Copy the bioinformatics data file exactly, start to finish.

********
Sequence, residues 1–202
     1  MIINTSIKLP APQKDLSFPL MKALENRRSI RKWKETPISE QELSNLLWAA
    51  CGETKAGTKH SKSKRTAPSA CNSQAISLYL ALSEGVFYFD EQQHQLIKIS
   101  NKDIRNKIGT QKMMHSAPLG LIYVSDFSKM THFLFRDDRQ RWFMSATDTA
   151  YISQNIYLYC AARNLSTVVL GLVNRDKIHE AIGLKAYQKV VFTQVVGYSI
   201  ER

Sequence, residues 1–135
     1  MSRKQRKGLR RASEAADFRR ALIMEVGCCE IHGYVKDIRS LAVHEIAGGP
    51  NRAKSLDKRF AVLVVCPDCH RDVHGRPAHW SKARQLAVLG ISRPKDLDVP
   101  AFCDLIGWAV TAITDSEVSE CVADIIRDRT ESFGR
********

Sequence, residues 1–202
     1  MIINTSIKLP APQKDLSFPL MKALENRRSI RKWKETPISE QELSNLLWAA
    51  CGETKAGTKH SKSKRTAPSA CNSQAISLYL ALSEGVFYFD EQQHQLIKIS
   101  NKDIRNKIGT QKMMHSAPLG LIYVSDFSKM THFLFRDDRQ RWFMSATDTA
   151  YISQNIYLYC AARNLSTVVL GLVNRDKIHE AIGLKAYQKV VFTQVVGYSI
   201  ER

Sequence, residues 1–135
     1  MSRKQRKGLR RASEAADFRR ALIMEVGCCE IHGYVKDIRS LAVHEIAGGP
    51  NRAKSLDKRF AVLVVCPDCH RDVHGRPAHW SKARQLAVLG ISRPKDLDVP
   101  AFCDLIGWAV TAITDSEVSE CVADIIRDRT ESFGR